Ever since the election, which they wrongly saw as turning on "moral" issues, the right has been scrambling to place itself on the moral high ground. This has culminated in the utilization of the Terri Schiavo case to express the conservative movement as one centering on "the value of each individual life," as David Brooks writes in one of his recent op-ed pieces in The New York Times.
The conservative plan is to focus attention on the beginning of life and the end of life, and to claim that this carves out conservative possession of "compassion" and of protection of life. By claiming to protect the unborn and the comatose, the two groups least able to speak for themselves, the conservatives risk no argument from the constituencies they are thereby "representing" and can bully their way through objections that compassion and respect for life are more strongly expressed when aimed towards those who can respond.
After all, aren't those unable to speak for themselves most needing of representation, of surrogates?
This question is based on the conservative assumption that all the rest of us are able to take care of ourselves. That when we drop into poverty, it's our own fault. That when our children are damaged by mercury, well, we chose where to live. That the murderer we kill brought about his or her own death ("We have nothing to do with it," they say, as they pull the switch). That the enemy has to be killed simply because of choices of their own ("They made us do it," they say, as they drop the bomb).
By focusing on the helplessness of both ends of life (and only at the extremes: they aren't trying to help children or the elderly), the conservatives are deflecting attention from their own failure to follow the teachings of Jesus that one has an obligation to help the less fortunate. "It's their own fault. Let them help themselves--then God will help them."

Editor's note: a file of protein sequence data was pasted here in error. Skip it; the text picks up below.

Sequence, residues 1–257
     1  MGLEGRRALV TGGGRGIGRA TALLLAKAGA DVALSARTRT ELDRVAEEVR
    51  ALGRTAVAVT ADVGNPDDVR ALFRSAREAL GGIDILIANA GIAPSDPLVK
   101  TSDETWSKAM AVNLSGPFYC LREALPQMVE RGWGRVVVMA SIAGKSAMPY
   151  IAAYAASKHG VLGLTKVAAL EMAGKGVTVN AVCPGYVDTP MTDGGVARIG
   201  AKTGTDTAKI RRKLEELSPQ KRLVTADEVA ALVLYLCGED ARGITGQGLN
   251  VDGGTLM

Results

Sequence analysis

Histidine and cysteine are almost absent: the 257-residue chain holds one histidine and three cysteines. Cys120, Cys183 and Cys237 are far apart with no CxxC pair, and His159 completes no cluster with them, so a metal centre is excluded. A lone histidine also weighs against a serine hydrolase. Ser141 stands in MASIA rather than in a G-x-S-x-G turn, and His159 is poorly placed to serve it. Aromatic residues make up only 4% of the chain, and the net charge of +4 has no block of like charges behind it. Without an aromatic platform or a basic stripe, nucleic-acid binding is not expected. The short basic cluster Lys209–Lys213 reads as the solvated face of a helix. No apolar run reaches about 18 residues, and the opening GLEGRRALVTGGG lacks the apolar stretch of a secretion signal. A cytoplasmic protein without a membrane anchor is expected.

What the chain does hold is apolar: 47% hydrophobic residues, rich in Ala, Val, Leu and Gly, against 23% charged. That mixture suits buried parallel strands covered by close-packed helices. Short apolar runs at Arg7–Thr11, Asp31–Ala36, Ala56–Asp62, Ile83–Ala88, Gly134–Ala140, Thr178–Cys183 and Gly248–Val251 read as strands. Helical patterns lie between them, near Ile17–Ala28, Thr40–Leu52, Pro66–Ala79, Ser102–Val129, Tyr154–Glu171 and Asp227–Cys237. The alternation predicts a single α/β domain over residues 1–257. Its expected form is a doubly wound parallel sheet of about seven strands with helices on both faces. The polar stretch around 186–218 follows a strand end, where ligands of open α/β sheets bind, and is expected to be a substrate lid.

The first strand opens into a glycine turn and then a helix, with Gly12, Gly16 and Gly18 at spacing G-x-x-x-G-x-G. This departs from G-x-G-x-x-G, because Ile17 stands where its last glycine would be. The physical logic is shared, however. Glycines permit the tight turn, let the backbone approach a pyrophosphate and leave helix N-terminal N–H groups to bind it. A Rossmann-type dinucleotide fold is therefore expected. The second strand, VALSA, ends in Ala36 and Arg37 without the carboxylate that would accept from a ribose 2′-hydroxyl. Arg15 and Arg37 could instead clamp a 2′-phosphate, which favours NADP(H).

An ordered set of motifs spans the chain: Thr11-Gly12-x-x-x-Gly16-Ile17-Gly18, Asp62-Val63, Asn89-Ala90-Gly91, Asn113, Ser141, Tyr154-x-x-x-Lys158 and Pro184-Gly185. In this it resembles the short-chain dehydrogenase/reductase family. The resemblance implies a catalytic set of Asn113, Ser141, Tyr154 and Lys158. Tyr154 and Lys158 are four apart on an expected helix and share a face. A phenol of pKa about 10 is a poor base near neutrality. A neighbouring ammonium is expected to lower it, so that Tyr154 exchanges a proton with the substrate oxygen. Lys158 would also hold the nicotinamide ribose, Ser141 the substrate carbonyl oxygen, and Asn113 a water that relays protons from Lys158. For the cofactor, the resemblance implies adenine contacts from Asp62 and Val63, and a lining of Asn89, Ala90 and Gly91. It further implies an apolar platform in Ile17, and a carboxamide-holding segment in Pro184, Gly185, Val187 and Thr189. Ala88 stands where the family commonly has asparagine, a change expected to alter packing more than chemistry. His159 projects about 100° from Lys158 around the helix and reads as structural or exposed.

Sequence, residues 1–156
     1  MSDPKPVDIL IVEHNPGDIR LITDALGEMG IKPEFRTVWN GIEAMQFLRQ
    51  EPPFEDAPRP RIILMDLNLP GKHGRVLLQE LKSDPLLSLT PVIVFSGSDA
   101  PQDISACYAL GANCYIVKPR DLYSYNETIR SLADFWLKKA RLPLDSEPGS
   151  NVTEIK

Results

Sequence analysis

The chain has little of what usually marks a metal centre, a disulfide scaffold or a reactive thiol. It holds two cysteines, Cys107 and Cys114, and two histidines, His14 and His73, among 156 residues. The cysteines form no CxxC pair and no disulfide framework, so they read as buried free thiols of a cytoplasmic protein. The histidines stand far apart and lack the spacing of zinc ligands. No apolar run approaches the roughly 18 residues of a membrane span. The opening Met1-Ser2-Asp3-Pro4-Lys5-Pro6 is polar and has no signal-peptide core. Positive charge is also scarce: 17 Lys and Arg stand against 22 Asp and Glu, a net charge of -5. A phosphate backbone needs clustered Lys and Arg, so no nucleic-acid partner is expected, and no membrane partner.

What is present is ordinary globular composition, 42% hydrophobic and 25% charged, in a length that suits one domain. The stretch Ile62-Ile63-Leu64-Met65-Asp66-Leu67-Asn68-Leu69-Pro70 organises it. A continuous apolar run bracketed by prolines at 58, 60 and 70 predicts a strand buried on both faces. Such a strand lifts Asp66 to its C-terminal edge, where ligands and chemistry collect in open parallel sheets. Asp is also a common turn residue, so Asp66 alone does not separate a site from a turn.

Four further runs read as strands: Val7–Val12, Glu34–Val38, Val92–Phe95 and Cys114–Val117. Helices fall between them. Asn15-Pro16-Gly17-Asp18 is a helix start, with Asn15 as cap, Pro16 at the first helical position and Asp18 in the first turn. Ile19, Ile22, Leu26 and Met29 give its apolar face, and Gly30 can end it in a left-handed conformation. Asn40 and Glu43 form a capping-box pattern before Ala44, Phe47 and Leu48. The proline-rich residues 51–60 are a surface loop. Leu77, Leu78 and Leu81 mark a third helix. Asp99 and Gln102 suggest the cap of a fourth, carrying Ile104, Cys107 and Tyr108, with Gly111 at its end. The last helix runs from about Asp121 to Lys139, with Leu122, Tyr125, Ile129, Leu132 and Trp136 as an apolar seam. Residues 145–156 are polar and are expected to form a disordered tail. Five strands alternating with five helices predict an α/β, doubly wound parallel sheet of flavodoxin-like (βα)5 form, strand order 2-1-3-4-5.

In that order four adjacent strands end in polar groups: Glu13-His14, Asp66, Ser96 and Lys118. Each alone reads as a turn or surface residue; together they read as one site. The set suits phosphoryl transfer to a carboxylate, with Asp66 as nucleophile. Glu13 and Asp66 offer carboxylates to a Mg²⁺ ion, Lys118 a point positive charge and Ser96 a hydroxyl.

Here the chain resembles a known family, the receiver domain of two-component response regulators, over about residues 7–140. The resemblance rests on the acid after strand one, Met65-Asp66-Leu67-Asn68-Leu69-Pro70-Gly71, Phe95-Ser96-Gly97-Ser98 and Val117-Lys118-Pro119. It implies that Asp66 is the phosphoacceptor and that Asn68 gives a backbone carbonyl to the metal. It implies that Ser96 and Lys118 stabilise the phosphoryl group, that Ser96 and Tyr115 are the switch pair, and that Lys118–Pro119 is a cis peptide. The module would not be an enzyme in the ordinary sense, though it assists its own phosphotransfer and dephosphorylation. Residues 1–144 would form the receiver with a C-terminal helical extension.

"We," the conservatives say, "only need to help those who can't help themselves. And the only ones who can't are those who lack consciousness."
If we allow ourselves to get caught up in questions of the beginnings and ends of life--as the conservatives have made happen--then the questions of real compassion and real aid to the less fortunate get left behind.
And that's what the conservatives want.
For isn't that how many of them see the rest of us, as simply "the left behind"--the people who have abandoned God and whom God will soon abandon?
Fortunately, the plan is failing, the tide is receding.
Yesterday, in one of my classes, I brought up the Schiavo case. My students, a very conservative bunch, overwhelmingly rejected the right-wing position on this issue.
For them, compassion includes the living, the feeling.
But the tide will go out only if we on the left make sure we don't let the right continue to define the discussion. Every time they bring up their "protection" of the unborn and the comatose and use that to call themselves "compassionate," we need to respond with questions of compassion for those actually trying to live. That's our strength, their weakness.